Three Slot Corners The Vikings Could Take in the Middle Rounds of the NFL Draft
The Vikings moving on from Xavier Rhodes and Trae Waynes this offseason may have taken some casual observers by surprise. The former first-round picks had been the Vikings' starting outside cornerback duo for the past three years, and both became big names during their time playing for Mike Zimmer. On the surface, losing both in one offseason could be seen as a disaster.
However, considering how badly Rhodes' play had fallen off, it made sense for both sides to seek a fresh start after he was released for cap savings. And though it hurts to lose a solid veteran corner in Waynes, the general consensus is that the Bengals overpaid for his services by doling out $14 million per year. The exit of Rhodes and Waynes creates two holes at outside corner, but the Vikings may actually be able to get better while getting younger at those spots. Between Mike Hughes, Holton Hill, and a potential first-round pick, Zimmer will have several options to take over on the outside.
The cornerback departure that might hurt most is not that of Rhodes or Waynes, but slot corner Mackensie Alexander, who is also headed to Cincinnati. Alexander had been very reliable since taking over for Terence Newman as the Vikings' primary nickelback in 2018. And assuming the Vikings need Hughes – who has typical slot corner size at 5'10" – on the outside, there's no obvious replacement for Alexander currently on the roster. Maybe a young player like Mark Fields or former CFL star Marcus Sayles will emerge, but that's not something to rely on.
In the modern NFL, the slot corner position is essentially a starting role. The Vikings' base 4-3 defense has three linebackers on the field, but their most common defense is a nickel formation with a fifth defensive back. Last year, in his 12 full games, Alexander was on the field 63 percent of the time. It's a difficult job, too; slot corners have to be able to survive on an island in man coverage, make plays in zone, and set the tone in run support.
In that light, it's interesting that the Vikings haven't seemed to prioritize the position this offseason. They reportedly didn't make Alexander a competitive offer, which is surprising considering he signed a one-year, $4 million deal. Then they sat idly by as one of the top slot corners on the market, Nickell Robey-Coleman, signed a one-year deal with the Eagles for just $1 million guaranteed. They could still sign a free agent to a minimum contract, but the more sensible move might be to find Alexander's replacement in the draft, where quality slot corners can be found in the middle rounds.
Here are three players the Vikings should have their eyes on, all of whom are projected to be taken no earlier than the third round, and all of whom are 5'10" or shorter.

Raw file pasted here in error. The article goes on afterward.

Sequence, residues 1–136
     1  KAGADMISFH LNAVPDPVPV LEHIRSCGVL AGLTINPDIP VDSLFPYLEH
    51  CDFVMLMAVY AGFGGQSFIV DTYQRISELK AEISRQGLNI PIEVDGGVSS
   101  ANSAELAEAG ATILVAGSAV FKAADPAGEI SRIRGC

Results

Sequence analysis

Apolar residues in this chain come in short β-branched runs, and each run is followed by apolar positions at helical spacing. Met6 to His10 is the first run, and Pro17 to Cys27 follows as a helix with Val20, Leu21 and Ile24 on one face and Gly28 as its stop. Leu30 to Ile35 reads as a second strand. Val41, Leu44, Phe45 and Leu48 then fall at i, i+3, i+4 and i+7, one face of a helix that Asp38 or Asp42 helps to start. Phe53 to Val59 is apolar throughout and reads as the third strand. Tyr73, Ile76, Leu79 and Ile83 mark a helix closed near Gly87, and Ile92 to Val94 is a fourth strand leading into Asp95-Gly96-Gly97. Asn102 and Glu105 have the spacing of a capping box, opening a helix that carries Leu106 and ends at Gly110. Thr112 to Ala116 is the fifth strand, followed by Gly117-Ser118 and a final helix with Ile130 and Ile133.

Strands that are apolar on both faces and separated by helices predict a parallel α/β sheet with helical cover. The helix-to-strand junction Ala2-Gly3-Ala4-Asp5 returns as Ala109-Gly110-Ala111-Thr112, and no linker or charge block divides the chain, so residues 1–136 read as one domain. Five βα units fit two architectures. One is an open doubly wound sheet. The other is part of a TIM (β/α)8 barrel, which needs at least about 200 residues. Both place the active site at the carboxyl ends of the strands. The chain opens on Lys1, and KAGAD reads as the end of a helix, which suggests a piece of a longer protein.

Amik Robertson, Louisiana Tech
Robertson has a very strong case as the best slot corner prospect in the 2020 draft. His combination of ball skills in coverage and competitive toughness as a tackler could allow him to become one of the best nickel DBs in the NFL at his peak. The 5'8" Robertson had 14 interceptions and 34 passes defended in his three-year college career, and has drawn comparisons to Tyrann Mathieu because of his playmaking ability. Robertson has good fluid mobility in man coverage, but his most exciting traits are his physicality and his feel for the game. His size will prevent him from being taken too highly, but the Vikings could target Robertson with one of their two selections in the third round.
Darnay Holmes, UCLA
Holmes is a very intriguing, uber-athletic prospect at slot corner. He had eight picks over the past three years and they came in a variety of fashions, between sticking with Hollywood Brown on a deep route and stepping in front of a N'Keal Harry slant route for a pick six. Holmes, a former five-star recruit, has excellent movement and mirroring ability, plus the speed and hips to turn and run with receivers. He also displays great anticipation skills. The knocks on Holmes are that he's not the most willing or reliable tackler, and had a few ugly moments in press coverage on tape. Still, his overall athleticism and production should make him a third or fourth-round pick.
Essang Bassey, Wake Forest
Bassey was the nickel corner I mentioned in my look at a few CB winners from the combine. He turned heads and likely helped his stock (which had fallen a bit after a rough week at the Senior Bowl) with a 4.46 40-yard dash and a 39.5-inch vertical jump in Indianapolis. Bassey has good footwork and agility in the slot and was always around the ball during his college career, with 42 passes defended and five interceptions over the past three seasons. He's also a capable tackler in run support, but there are concerns about his press coverage ability. Bassey could be an option for the Vikings in the fourth or fifth round.
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